Trustee Sweeney added, "All the projects, being completed on time and done well are because of you Ms. Gain and your diligence and foresight." Back in 2005, Gain had suggested adding 40 percent to construction project budget costs, to account for inflation.

The motion passed to proceed with exploring the list of potential projects utilizing the extra bond funds. Related additional motions were passed to reinstate bond project staff and extend the charter of the CBOC until final completion of all projects.


Other Topics of Interest:
After the recent succession of earthquakes in California as well as Haiti, parent Diane Jones of Parkmont Elementary expressed concern over potential injuries if bookshelves and other classroom items are not bolted down or secured properly. She hoped that parents and school personnel would work together to resolve this situation. Trustee Ivy Wu indicated that she is working with a group of parents who are 'adopting' one school at a time to help with various issues and encouraged Jones to do the same at her school.


Anne Damron, spoke about the Fremont Educational Foundation. Established in 1991, the Fremont Education Foundation raises necessary funds for three programs that benefit Fremont students. These are: the After-School Band program, for 4th, 5th and 6th graders, funded through the Music Telethon on March 23 & 25, the Guy Emanuele Sports Fund, which helps needy students with co-curricular sports expenses, and provides grants for after school sports programs at junior highs and elementary schools. (The Happy Fish Run on October 10 supplies its program funding.) Third, is the Innovative Education Grants for FUSD teacher projects in the classroom, funded through the Excellence in Education Gala on Friday, February 26.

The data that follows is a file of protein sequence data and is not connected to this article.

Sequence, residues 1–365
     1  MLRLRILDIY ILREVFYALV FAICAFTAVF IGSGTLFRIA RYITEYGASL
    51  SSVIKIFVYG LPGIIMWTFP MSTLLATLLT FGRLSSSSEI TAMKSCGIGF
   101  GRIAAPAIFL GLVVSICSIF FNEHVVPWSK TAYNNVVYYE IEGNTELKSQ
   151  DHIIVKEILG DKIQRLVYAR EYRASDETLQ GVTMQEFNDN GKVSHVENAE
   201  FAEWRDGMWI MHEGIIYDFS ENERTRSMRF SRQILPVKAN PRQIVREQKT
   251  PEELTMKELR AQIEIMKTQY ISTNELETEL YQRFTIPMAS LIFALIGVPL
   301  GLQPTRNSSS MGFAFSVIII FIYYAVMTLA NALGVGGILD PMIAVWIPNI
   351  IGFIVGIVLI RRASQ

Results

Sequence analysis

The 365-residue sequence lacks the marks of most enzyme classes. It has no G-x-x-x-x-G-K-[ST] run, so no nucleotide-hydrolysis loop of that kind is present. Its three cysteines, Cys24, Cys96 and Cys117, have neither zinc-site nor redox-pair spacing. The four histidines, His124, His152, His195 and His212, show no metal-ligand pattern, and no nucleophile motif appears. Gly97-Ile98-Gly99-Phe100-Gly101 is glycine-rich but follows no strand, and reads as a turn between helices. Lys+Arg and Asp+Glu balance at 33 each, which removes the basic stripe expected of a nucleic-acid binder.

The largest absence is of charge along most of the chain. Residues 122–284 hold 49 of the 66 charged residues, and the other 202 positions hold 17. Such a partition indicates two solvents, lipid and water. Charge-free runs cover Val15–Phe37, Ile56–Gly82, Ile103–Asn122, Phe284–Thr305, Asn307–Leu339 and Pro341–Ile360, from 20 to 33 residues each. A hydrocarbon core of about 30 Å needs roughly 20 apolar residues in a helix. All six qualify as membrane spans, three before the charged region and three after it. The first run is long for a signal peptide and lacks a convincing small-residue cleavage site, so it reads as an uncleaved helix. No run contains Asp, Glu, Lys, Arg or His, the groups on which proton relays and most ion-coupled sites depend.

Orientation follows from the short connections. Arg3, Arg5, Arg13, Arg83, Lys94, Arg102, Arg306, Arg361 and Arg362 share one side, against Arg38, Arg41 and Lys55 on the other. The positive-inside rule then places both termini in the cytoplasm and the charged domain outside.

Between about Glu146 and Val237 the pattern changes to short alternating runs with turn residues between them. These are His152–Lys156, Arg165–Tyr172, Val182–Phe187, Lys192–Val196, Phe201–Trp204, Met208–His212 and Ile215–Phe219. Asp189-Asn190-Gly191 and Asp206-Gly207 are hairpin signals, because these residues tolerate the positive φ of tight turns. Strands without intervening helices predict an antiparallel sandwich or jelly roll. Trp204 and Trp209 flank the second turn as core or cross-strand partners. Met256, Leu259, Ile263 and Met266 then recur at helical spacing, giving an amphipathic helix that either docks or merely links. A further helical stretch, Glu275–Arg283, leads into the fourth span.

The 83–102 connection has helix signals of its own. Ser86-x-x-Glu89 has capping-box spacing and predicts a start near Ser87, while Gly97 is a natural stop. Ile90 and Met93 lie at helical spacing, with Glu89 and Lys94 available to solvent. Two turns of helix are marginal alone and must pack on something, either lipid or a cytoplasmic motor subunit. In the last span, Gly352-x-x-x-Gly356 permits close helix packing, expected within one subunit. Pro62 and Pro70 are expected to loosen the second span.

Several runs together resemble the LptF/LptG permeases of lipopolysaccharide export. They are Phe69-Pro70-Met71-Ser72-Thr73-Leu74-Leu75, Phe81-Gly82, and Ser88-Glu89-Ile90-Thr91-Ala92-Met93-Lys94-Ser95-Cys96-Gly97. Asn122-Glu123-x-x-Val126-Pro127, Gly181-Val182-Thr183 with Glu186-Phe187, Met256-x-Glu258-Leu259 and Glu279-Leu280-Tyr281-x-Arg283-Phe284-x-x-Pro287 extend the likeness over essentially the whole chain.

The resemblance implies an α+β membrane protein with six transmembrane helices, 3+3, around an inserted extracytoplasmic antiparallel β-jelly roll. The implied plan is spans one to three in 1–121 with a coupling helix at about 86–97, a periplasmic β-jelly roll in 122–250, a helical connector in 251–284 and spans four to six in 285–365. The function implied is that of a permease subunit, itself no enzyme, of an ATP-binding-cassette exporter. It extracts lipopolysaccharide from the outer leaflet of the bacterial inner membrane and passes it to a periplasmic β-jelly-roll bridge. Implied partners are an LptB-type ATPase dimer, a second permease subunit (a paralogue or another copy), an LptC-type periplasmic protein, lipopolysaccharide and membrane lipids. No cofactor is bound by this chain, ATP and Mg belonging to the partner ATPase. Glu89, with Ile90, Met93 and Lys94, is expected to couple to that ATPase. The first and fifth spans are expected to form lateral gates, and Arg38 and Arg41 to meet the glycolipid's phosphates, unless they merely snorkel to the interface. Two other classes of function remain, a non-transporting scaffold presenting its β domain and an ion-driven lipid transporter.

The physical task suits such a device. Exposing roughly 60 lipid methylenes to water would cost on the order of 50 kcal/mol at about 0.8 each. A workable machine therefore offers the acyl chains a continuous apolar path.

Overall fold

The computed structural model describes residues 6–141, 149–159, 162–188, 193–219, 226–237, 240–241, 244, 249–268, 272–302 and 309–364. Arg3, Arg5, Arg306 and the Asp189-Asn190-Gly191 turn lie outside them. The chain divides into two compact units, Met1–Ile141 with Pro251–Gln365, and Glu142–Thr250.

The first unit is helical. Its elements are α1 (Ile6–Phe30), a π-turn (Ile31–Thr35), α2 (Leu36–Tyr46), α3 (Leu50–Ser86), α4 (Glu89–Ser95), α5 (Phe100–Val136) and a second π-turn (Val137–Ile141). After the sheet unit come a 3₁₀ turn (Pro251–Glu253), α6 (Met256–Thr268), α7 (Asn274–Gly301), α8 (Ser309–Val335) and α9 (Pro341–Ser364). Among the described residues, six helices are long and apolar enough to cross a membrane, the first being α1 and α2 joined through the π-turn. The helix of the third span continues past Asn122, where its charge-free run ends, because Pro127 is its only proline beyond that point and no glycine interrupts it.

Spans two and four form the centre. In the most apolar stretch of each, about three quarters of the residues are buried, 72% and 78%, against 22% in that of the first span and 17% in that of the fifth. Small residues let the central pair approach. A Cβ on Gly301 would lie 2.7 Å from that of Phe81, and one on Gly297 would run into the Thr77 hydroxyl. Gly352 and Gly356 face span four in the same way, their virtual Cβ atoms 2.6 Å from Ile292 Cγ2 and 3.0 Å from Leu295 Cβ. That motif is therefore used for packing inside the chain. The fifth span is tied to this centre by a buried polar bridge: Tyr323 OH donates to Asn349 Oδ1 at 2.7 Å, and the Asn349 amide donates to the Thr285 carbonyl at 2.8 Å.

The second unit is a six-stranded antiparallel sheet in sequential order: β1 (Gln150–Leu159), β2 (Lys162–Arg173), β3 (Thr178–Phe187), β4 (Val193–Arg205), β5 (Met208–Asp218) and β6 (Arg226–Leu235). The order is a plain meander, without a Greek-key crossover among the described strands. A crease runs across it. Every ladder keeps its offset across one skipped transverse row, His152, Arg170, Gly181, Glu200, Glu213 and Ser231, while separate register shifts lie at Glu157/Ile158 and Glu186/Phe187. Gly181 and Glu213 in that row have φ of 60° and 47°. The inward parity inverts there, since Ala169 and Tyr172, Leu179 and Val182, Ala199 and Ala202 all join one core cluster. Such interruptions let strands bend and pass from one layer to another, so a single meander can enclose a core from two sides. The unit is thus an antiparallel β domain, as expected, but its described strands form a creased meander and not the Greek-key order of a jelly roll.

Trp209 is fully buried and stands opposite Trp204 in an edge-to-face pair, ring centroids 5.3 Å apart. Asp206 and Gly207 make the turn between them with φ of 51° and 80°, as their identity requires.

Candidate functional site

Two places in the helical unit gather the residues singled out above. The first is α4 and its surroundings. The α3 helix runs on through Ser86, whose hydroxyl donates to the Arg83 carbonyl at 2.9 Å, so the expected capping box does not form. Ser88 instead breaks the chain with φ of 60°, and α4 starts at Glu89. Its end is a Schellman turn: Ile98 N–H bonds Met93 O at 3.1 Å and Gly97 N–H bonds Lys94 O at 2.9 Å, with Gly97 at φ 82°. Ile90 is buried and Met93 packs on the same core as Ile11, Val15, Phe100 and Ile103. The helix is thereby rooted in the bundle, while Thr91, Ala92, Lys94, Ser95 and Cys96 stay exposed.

Classified employees of SEIU 1021 Union spoke about cooperation and consideration regarding their job positions. Sarah Brennan, a Horner Junior High School Nutritionist stated, "We just want to tell you how important our jobs are. I've never let a child go hungry at our school, if they didn't have money. Transportation and maintenance people are important to the school and we want you to be fair and negotiate with us," pleaded Brennan.


Board and Staff received an overview on the successful Summer School Program, Supplemental Categorical Intervention Pilot (SCIP). The program which was utilized by FUSD last summer focuses on disadvantaged youth, Title I students, Native American and kindergarten children, to provide immersion and assistance for English learners and economically disadvantaged children in grades k-6. Last summer 694 students were enrolled. The four-week instructional period produced a 22 percent increase in reading, an 11 percent increase in math and a 39 percent improvement in writing.

The program, funded with Title I, Title III, Migrant Education and EIA funds, proved not only successful, but also cost effective at $486,000 or $35 per student per day. Discussion ensued and plans are to continue with this program in the upcoming summer with minor adjustments.